My Dear Family,
It’s the evening of Dec. 16th. I’m writing from my apartment, located roughly at the transition from Williamsburg to Bushwick in Brooklyn. From my third story windows I can see the famous Manhattan skyline in the approaching twilight. It still gives me a rush to see the city looming up like that in the distance. I am now certain, by the way, that that’s what cities are principally designed to do: to loom. I’ve been living here in New York City for almost exactly three months. I feel like I’m just starting to settle in. Strangers on the street are starting to ask me for directions, and usually, I can now tell them with some certainty that McKibbin St., to use last night’s example, is only two blocks down and one to the right. I know my bodega is on the corner of Morgan and Grattan. This is crucial.
My editors at The Morning News, as prescribed by sinister hazing rituals for their lowly interns, gave me a holiday writing assignment: immerse myself in the seasonal traditions of New York and report back as a newcomer to its ways. Due to my trip home over Thanksgiving I missed Macy’s parade, but almost immediately upon my return to the city I set off in search of its Yuletide traditions. What follows is a gritty, true-to-life exposition of my first holiday season as a New Yorker.
I flew back to New York on November 26th. The tree-lighting ceremony at Rockefeller Center took place on the 29th. As my return flight rounded Manhattan on the way into La Guardia, I could roughly locate the spot where the tree should be standing in the middle of the island. I couldn’t see the tree as it wasn’t lit yet, but I knew it was there. When flying over Manhattan you see how small and dense it is. It all seems to fit so neatly, its buildings and layout a picturesque fancy, its people, one must think, a product of collective agreement.
It turns out more than 100,000 New Yorkers went to see the lighting ceremony. At least, that’s how many I later heard were in the square that night. I pushed and jostled my way into a morass of people immediately as I left the subway stop at 48th Street and 6th Ave. There were bands of teenagers yelling across the crowds. There were families with young children, everyone wearing Christmas sweaters and light-up Santa hats, and early-twentysomething couples out for a romantic night, oblivious to the riot growing around them. I waited for a half-hour in the same spot, still a block from where I could have seen the square. An old woman shouted, to anyone who would listen, “don’t even BAW-thuh tryin’ to see tha tree!” How wise she seemed to me. I don’t think I missed much. Sting, Bette Midler, and Christina Aguilera were there, according to the news reports the following day, and none of them really make me think, “Christmas!”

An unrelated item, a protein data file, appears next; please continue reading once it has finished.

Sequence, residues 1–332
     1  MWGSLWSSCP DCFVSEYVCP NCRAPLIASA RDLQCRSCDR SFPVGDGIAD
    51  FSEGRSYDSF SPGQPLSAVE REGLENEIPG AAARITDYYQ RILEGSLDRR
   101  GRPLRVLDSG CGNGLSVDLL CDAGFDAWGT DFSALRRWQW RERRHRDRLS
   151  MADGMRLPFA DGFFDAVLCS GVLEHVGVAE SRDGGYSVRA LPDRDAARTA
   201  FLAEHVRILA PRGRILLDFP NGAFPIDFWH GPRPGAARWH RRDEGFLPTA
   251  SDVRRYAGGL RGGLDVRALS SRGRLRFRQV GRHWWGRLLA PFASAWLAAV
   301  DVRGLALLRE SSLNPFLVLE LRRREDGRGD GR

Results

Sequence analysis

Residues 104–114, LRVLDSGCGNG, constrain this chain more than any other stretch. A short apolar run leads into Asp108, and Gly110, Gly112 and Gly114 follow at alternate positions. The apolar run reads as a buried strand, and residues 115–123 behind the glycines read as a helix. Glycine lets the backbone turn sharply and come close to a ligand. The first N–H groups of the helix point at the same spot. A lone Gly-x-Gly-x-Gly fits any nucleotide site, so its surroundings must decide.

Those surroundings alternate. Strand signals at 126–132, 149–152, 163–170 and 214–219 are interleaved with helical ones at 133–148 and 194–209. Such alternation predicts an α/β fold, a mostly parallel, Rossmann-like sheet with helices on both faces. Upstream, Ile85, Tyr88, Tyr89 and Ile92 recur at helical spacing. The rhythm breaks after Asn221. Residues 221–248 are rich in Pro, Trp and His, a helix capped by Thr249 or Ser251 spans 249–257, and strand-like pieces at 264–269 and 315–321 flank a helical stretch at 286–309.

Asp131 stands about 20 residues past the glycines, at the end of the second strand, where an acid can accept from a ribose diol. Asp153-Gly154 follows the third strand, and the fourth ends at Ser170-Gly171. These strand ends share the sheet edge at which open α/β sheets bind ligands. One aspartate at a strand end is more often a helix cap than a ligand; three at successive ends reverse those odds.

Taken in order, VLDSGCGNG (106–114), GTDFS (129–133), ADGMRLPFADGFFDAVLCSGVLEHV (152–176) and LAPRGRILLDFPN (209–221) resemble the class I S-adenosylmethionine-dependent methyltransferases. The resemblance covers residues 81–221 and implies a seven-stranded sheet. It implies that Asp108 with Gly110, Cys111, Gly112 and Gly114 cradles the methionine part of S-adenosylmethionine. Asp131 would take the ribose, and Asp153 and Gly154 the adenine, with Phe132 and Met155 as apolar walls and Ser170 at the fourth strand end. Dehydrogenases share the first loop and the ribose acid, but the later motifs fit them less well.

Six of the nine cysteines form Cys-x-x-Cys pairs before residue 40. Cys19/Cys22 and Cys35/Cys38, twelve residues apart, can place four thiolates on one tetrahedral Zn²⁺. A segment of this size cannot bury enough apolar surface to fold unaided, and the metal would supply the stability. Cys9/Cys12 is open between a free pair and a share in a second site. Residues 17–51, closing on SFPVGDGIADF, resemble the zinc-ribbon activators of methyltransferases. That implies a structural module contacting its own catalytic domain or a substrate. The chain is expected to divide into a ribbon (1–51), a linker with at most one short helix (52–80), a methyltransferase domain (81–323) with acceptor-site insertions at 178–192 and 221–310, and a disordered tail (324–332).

I’ve since been back to Rockefeller Center. On a Tuesday night, a week after the ceremony, the square still felt overcrowded, but at least I could walk around freely. I watched snowflake-shaped spotlights play over the glamorous, bluish-lit Art Deco facades of the surrounding buildings and people ice skating in the grotto-like rink below the tree. This year’s tree is an 88-foot, nine-ton Norway spruce from western Connecticut. It arrived here in early November and has since been covered with 30,000 lights. Flash bulbs went off as the world’s tourists fought to have their pictures taken on 48th St. I, no longer a tourist but otherwise indistinguishable, paid a photographer a dollar to take a picture with my Polaroid. “There ya go, boss,” as he handed the camera back to me. He was on my F train later, eating what looked like a bologna sandwich. He didn’t recognize me. Maybe next year I can watch the lighting ceremony, but I’ll have to camp out for a few hours beforehand. Beating the crowd—whether searching for an apartment, a job, a seat in a restaurant, or to watch a 90-foot tree go up in lights—seems to be the imperative in this city.